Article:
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Reflections of a Lay Pastor: August 12th 2018: Being different

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Reflections of a Lay Pastor: August 12th 2018: Being different

The Bible is full of stories about people who were different.  Almost every character in there stands out as being unlike those around.  Think about Ruth, the two-times refugee;  about Joseph who honoured Mary’s pregnancy and brought her child up as his own;  about Mary Magdalene, and St Paul;  and especially about Jesus.  Most of the time, people who are different and dare to stand out from the crowd get bullied and persecuted, and sometimes they change the way we think about things for ever.  Most frequently, both.

Bullying evolved to keep people in line, to make sure that we all behaved in the same way, so we could depend on the reactions of those in our village or country to any situation.  This is what makes immigration so threatening to some people, because it brings people into our society who behave very differently; with different habits, different food, and different religions.  Making sure that everyone does things just the same works for a society that isn’t changing but it is a recipe for wipe-out when the world around is in a state of flux.  Then we need many different ways of thinking so that one can emerge to help us cope with the crisis.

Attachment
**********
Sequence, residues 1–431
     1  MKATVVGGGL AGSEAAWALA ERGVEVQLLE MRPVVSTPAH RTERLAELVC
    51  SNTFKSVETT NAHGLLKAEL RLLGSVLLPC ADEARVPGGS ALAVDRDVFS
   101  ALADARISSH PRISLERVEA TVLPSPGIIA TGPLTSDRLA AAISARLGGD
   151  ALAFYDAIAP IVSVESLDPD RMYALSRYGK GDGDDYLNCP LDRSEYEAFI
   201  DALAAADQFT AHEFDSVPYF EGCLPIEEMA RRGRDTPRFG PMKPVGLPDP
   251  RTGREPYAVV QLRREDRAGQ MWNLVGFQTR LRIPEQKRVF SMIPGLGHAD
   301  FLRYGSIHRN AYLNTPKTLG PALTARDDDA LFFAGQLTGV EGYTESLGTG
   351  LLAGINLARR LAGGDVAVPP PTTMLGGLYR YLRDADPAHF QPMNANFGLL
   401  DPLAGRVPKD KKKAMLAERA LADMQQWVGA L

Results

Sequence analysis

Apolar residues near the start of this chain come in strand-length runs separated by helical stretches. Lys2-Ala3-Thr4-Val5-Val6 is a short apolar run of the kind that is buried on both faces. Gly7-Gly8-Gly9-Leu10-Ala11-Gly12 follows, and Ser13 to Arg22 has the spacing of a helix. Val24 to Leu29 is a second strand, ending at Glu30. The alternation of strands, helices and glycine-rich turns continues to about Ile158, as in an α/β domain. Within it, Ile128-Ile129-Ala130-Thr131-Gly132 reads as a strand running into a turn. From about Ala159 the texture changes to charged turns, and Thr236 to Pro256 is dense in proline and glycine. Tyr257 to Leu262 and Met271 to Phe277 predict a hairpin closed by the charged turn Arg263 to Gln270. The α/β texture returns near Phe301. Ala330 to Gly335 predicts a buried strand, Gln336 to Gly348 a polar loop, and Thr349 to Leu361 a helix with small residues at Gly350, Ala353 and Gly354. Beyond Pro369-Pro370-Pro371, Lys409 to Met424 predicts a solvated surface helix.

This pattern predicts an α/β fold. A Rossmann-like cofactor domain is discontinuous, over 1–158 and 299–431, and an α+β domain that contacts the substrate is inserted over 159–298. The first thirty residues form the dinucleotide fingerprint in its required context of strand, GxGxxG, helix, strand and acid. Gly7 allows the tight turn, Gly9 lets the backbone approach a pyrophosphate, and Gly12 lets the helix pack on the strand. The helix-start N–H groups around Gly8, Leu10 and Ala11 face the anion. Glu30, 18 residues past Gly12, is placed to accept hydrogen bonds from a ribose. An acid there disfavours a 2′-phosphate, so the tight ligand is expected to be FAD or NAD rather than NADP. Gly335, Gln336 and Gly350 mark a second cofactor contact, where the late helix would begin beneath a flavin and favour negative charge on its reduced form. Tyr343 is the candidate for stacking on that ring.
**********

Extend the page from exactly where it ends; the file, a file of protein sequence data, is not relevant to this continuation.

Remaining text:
Many times in the Gospels, Jesus tells his disciples not to conform to the ways of the world, and not to be afraid of the persecution that will result.  Jesus seemed to know that the ways of Jewish society of 30AD would not serve the world well.  His instruction is even more relevant today.

Many of the activities accepted as normal in our country may lead to the extinction of human life.  Watch any quiz show on TV;  what knowledge is rewarded?  Is it knowledge of science or of geography, an understanding of history, perhaps?  Do we prize the crafts of animal husbandry or gardening, or the physical skills of making and repairing?  No, what we see rewarded over and over again is knowledge of celebrities, of musical artists, of sport, or of film.  What foods are the most promoted?  Would that be fresh fruit and vegetables?  What behaviour do our Soap operas portray, along with daytime TV chat shows?  Does love and forgiveness attract more viewing than anger and invective?  Are we encouraged to walk to work, or to drive a powerful car?  Are we encouraged to make do and mend or to buy gadgets that consume electricity and save us work?

There has never been a time of such rapid change;  there has never been such a time when we were called to stand out from the crowd.  This standing-out has to be more than professing a faith in a religious belief;  it has to encompass action that will ensure that our great grandchildren do not die lingering deaths in an encroaching desert.  Our profession to be Christians is made less believable with every switch that we flick to save us work, it is made less believable with every neglected garden;  it is made real with self-denial and every action motivated by creating a better future for the children of the future.

In the film “The Greatest Showman”, whatever its historical accuracy,  Hugh Jackman said of the impresario Barnum:  “His belief was what makes you different makes you special.”

Jesus was unafraid to figure out what was right action and then to do it, regardless of persecution.  He was unafraid to be different.

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